You don’t have to, either, unless it feels like the right thing to do. It’s hard for me to not do it, sometimes. I don’t let myself feel guilt over the fact that me and these people don’t talk anymore, even though it was definitely my fault, my choice. I’m not as young and fragile as people would have me believe. I’m growing into myself, and that’s important, too.

If you want a tree to grow bigger, better, stronger– you put it in a larger pot. You let it’s roots run deep. You let it grow.

I’m growing. I can feel it. And maybe one day I’ll be strong enough to reach out to the things that poisoned me and the people I had to cut away. Right now, I don’t think I can survive it. But one day?

One day I’ll be strong enough. Until then, the silence is my bulwark in the wind.

-Natasha

News: 5/4/16

 

Okay so. You know how a lot of stories begin with “Once upon a time”? This one’s going to begin with “a few days ago.”

A few days ago, I was supposed to do a blog post. Well, nearly a week ago, now. The last Friday of April. Camp NaNoWriMo. I had been doing pretty good at consistency, a post once a week at least, every Friday during camp. I hadn’t missed a day!

Well. I missed April 29th. I finished Camp early last month, and I got distracted writing other things and relaxing, playing video games. Not so secret secret? Video games are my weakness. Especially ones with interesting plot and characters. I have been not so secretly devouring decent story lines and arcs for the last few weeks, while still managing to crack out my word count. (Incidentally, this is counting in today’s first 1k. Whoops.)

But last Friday I slipped up. I wrote my words, I played my games, and… I didn’t want to write my blog. I didn’t have any ideas for it, but that’s not a real excuse. I should have, even if the only thing on it was “Almost there!”

I told myself I’d write it “Tomorrow,” on the 30th. I would let everyone know it was the last day of camp. Then the 30th happened, and the post didn’t. “Okay,” I said, “No big deal. I’ll do it on the first and congratulate people for surviving camp.”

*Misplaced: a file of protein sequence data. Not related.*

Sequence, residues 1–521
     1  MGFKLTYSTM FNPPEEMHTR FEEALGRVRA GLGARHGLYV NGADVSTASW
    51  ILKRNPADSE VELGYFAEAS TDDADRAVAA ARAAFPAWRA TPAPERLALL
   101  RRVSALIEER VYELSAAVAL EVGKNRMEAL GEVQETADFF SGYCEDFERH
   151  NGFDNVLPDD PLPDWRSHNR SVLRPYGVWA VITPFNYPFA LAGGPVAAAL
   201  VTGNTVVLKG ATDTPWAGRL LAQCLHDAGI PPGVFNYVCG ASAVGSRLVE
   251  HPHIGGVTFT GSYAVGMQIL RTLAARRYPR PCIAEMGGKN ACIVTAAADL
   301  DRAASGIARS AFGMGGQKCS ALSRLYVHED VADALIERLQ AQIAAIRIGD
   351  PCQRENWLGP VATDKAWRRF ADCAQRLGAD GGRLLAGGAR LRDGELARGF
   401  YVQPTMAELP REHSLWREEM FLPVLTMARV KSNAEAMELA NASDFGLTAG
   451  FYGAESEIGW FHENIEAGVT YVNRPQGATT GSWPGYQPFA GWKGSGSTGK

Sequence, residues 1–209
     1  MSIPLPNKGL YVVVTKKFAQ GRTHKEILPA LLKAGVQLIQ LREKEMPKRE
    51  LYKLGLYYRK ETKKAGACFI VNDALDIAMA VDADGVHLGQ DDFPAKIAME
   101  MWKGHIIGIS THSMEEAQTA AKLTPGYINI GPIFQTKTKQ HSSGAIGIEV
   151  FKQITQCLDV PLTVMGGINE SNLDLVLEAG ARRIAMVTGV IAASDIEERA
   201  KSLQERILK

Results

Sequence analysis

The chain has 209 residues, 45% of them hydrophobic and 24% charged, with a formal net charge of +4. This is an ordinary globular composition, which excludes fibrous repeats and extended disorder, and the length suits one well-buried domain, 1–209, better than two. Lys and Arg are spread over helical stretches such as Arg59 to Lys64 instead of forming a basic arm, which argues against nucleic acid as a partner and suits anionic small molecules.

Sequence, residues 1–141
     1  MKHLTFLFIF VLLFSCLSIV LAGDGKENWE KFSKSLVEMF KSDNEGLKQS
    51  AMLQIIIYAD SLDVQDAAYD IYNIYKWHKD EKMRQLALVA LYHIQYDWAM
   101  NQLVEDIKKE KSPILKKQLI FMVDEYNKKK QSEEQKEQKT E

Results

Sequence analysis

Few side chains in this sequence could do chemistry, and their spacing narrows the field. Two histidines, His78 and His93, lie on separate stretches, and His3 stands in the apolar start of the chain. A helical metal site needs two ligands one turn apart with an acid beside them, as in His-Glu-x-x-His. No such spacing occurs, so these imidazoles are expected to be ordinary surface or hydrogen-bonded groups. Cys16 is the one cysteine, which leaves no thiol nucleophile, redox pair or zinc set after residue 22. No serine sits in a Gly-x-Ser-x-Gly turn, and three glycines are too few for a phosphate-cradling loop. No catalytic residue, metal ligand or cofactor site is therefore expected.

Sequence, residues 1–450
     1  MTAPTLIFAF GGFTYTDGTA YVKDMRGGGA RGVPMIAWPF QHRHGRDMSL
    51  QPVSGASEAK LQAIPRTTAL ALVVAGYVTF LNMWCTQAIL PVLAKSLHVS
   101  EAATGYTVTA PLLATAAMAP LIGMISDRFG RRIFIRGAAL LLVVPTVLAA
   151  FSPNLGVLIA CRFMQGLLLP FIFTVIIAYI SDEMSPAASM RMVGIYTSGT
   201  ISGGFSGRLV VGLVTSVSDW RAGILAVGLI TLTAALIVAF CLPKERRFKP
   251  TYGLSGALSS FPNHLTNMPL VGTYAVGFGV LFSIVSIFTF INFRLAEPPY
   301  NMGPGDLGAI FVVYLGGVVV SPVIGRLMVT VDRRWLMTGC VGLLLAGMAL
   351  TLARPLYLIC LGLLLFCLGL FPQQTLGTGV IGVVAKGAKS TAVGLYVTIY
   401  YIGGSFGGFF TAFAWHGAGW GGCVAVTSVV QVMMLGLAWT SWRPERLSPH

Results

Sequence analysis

Here’s what I didn’t do: Blog post on the first. I couldn’t feel it. I had no gumption for it. But although I didn’t do it then, I started crafting a theme for it, so I could write it the next day and get it done and posted.

Yeah, that didn’t happen.

I had a good reason for it.

Life started throwing rocks at me.

We got it worked out. It’s throwing slightly smaller rocks. But for the past few days, I haven’t felt like doing much of anything. Well, except crying and being frustrated. Obviously when I’m frustrated I feel like killing things, so that’s what I went and did. I’m pretty good at it.

Today my friend sporked me and we decided we should both really write blog posts. She’s an accountabilibuddy. It’s not a word, but roll with it.

So I’m writing a post. Even though it’s nothing but telling you what I did and didn’t do– mostly what I didn’t.

I’ll try to do better. I can’t say I will– but I will certainly try, and that’s the important part. You don’t have to be perfect. You don’t have to do it right every time. It doesn’t matter if you screw up, if you fall off the horse, as long as you get up and get on it again.

Keep trying. It’s important. Like breathing.

–Natasha